Equipoise – Tech Metal Alchemists

Saturday, 16th March 2019

It doesn’t really get much more showstopping this year for tech death fans than the recent release of Equipoise’s debut, Demiurgus. Seven members with grade A credentials backing them (and a massive list of guest contributions) have come together to make a release that people are sure to be talking about for quite some time to come. For their brand of tech might be completely over-the-top and indulgent, but it’s also grounded in melody and fantastic songwriting. The combination of which keeps them at the head of the table for extremity. Vocalist Stevie Boiser was kind enough to answer some of our queries about their Full Metal Alchemist:Brotherhood concept, completing the band’s line-up, and even some thoughts about the extreme scene.

Dead Rhetoric: How do you feel the band has evolved since the release of Birthing Homunculi?

Stevie Boiser: A lot has happened since we first released Birthing Homunculi. We’ve joined The Artisan Era, which has been nothing short of spectacular. Mike and Malcolm are incredible partners and have really helped us gain traction and get our name out there. We solidified our line-up, and most importantly we have begun to grow together musically.

Overall, I guess you could say that we’ve evolved from a four-piece studio project into a complete seven piece band with sights set on writing / recording more material and touring in the future.

Dead Rhetoric: What steps were involved in solidifying the line-up for Equipoise?

Boiser: Originally Equipoise was started by Nick Padovani and Zach Hohn. After they had composed a decent amount of material, they began reaching out to musicians via social media to fill out the rest of the band. That’s where Hugo Doyon-Karout and I joined. Nick and I started playing with the idea of introducing keys and orchestration- for that, Nick recruited Jimmy Pitts, who has been a fantastic addition. Unfortunately, we were unable to lock down a drummer at the time, so we decided to carry on and released Birthing Homunculi.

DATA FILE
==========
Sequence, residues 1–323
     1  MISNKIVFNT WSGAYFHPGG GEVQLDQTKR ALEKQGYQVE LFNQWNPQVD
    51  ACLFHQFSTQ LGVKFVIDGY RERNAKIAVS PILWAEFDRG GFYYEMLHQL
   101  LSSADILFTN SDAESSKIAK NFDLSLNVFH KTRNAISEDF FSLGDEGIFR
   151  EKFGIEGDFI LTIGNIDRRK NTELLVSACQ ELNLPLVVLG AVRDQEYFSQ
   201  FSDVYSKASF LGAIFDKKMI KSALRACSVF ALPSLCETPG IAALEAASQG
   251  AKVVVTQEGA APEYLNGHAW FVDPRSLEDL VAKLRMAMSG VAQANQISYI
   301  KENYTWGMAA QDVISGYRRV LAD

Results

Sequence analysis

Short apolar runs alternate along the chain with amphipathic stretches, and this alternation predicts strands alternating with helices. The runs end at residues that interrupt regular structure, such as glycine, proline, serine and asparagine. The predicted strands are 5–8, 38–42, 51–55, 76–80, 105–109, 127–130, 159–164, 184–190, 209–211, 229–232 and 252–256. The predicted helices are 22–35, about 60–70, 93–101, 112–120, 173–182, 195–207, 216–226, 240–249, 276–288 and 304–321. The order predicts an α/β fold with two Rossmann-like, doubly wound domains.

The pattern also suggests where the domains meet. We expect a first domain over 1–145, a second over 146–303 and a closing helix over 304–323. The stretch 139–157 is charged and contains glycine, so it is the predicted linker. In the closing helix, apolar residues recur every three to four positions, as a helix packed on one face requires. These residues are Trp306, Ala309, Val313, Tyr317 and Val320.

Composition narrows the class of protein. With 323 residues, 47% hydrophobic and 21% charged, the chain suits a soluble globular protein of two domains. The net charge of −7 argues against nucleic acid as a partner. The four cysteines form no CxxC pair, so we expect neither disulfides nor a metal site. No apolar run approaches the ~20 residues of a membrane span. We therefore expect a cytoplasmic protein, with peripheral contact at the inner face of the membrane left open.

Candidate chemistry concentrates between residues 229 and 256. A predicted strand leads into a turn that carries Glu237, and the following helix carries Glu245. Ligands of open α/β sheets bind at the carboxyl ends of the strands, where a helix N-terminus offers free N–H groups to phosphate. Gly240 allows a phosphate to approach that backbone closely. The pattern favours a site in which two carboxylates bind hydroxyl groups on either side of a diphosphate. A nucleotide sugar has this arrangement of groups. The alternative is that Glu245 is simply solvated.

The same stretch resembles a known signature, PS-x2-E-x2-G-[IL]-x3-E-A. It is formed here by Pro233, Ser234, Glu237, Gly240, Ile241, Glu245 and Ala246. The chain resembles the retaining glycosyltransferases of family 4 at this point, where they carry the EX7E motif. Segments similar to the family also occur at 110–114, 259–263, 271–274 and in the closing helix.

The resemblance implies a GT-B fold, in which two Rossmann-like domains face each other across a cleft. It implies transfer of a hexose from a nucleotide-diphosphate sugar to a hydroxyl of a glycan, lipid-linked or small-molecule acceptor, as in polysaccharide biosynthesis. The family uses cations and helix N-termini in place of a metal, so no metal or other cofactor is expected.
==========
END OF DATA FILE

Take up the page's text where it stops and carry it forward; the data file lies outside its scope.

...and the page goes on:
A short while after that we spoke with Phil Tougas about adding some solos to the album and much to our surprise we ended up absorbing him into our ranks. However, we still needed a drummer. I hit up my good friend Chason Westmoreland who had just left The Faceless. We had been trying to be in a band together for a while and the timing finally worked out. Shortly after that Zach left Equipoise and we brought in Sanjay Kumar to fill the void. The transition was very natural since Sanjay had performed a guest solo on the EP, and he had also mixed and mastered it. Equipoise was ultimately made possible by solid composition and social media.

Dead Rhetoric: What do you feel the orchestral elements and flamenco guitar add to the experience of Equipoise?

Boiser: Incorporating other instruments such as flamenco guitars, violin, viola, keys, etc. allows us to texture our songs in a variety of ways. At times we utilize them to build to the madness by adding a sort of atmospheric tension. Then, we have tracks like “Reincarnated” or “Eve of the Promised Day,” which serve not only as a musical bridge between songs, but also as a palette cleanser for the listener- a breath of fresh air before diving back into the depths of Demiurgus. We wanted the record to have numerous peaks and valleys, and the addition of these instruments helps to make that possible.

Dead Rhetoric: What’s the songwriting process look like, in a general sense?

Boiser: Our songwriting process is actually pretty simple. To date it all starts with Nick. He’s our primary composer. Typically, he’ll write and arrange all of the material for guitars, bass, drums, and keys, and then he sends it out the rest of us to see what input we have. After alterations are made, I usually get started on writing vocal patterns and lyrics while Chason works on drums. Solos are usually one of the last components to be added and are written and arranged by their performer.

Dead Rhetoric: Could you discuss the influence of the anime series Full Metal Alchemist: Brotherhood on the material?

Boiser: Full Metal Alchemist: Brotherhood is my favorite anime series and something that I’ve always had a deep connection to. When Nick approached me about going the band, I was excited to hear that I had free reign over the lyrical subject matter. I almost immediately selected this as a topic.